So what can be done? Even with considerable bipartisan support, there is little chance of a Constitutional amendment abolishing the Electoral College. Such a reform would require two-thirds support in both houses of Congress, plus the approval of three-quarters of the states — an almost prohibitive level of consensus. Thankfully, there exists an alternative in the form of the National Popular Vote Interstate Compact.

According to this voluntary agreement, state governments pledge to distribute all their Electoral votes to whichever Presidential candidate wins the national popular vote, regardless of in-state results. Once the agreement comes into effect with states representing more than fifty percent of Electoral votes signing on, it would, in effect, allow the Electoral College to be bypassed without having to bother with a Constitutional amendment. And with eight states and the District of Columbia already having agreed, advocates of this plan are nearly halfway to their target.

So now it is only a matter of finding the other half. If Mitt Romney wins the popular vote next week while Barack Obama wins the Electoral College, it is conceivable that more than a few red states might climb aboard the popular vote bandwagon, and the United States could be one giant step closer to this strange idea that in a democracy, you vote for your leader directly.

The Persistence of Misogyny

SuffragettesIt has been fashionable for as long as I can remember for bitter males, along with a few reactionary female allies, to claim that the feminist movement not only succeeded in eliminating the traditional gender power structure, but inverted it too. Women, they complain, are now on top, occupying the positions of privilege formerly reserved for men, while the latter, thanks to affirmative action and male-bashing, are reduced to the status of persecuted victim.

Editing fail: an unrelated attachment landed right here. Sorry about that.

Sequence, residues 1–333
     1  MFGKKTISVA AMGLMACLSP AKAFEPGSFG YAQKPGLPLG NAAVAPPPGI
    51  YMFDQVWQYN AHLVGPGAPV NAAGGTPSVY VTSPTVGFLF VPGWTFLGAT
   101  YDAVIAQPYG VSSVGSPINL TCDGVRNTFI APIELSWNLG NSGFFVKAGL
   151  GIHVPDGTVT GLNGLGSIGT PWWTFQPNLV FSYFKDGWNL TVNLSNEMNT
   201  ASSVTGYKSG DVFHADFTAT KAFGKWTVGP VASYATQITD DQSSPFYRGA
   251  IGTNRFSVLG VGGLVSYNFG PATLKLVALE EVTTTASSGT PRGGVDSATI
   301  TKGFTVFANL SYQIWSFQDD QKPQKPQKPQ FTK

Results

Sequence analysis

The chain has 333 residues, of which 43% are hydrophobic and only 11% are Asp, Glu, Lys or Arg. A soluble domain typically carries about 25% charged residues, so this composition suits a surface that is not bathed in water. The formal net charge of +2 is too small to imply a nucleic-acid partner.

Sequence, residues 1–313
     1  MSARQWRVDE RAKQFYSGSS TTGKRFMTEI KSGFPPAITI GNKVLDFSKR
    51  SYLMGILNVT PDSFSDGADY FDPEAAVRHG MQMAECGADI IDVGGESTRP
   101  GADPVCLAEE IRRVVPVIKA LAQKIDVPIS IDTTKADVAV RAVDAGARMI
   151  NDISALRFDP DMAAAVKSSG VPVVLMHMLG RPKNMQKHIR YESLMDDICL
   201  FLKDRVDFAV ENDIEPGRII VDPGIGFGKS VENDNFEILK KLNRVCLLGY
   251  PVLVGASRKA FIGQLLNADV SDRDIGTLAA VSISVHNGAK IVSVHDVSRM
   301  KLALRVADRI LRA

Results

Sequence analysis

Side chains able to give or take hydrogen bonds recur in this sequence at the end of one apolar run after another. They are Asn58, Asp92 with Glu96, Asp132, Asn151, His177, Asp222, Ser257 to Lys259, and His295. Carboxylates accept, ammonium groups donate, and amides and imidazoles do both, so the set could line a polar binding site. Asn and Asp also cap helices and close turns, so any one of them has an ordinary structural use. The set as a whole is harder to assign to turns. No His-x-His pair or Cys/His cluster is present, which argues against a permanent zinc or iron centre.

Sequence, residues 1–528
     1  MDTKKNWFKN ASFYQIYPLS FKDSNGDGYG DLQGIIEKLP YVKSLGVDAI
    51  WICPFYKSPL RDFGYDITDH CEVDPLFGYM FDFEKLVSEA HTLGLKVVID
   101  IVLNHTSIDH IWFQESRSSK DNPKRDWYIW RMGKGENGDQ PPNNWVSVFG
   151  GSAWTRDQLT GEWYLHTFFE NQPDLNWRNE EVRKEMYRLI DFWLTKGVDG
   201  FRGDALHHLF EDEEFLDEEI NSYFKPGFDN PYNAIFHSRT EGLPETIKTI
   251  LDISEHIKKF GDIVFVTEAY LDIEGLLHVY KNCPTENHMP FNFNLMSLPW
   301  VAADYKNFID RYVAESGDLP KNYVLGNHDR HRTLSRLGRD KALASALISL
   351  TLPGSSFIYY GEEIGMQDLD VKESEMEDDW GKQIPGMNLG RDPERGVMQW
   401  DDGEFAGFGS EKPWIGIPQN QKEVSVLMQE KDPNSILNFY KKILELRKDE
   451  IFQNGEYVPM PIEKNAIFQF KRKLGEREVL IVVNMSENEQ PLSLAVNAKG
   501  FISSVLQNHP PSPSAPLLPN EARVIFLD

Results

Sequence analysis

Never mind the impressive blinders one must sport in order to ignore the systemic discrimination women still face, such as a persistent pay gap and chronic underrepresentation in both government and corporate hierarchies. It is not even particularly hard to find misogyny of the non-systemic, consciously promoted variety, as in this month’s horrific assassination attempt by the Taliban in Pakistan against fourteen-year-old Malala Yousafzai who dared to speak out for girls’ education, or, just this week in Israel, Rabbi Shlomo Aviner opining that it is not “modest” and therefore forbidden for women to stand for election to the Knesset.

But these events are halfway around the world. What is happening closer to home?

Here in North America, the misogyny du jour usually finds itself not far removed from the issue of abortion. Thankfully in Canada, even with a Conservative majority, our Parliamentarians had enough sense to reject an underhanded attempt to ban abortion by redefining the point at which life begins.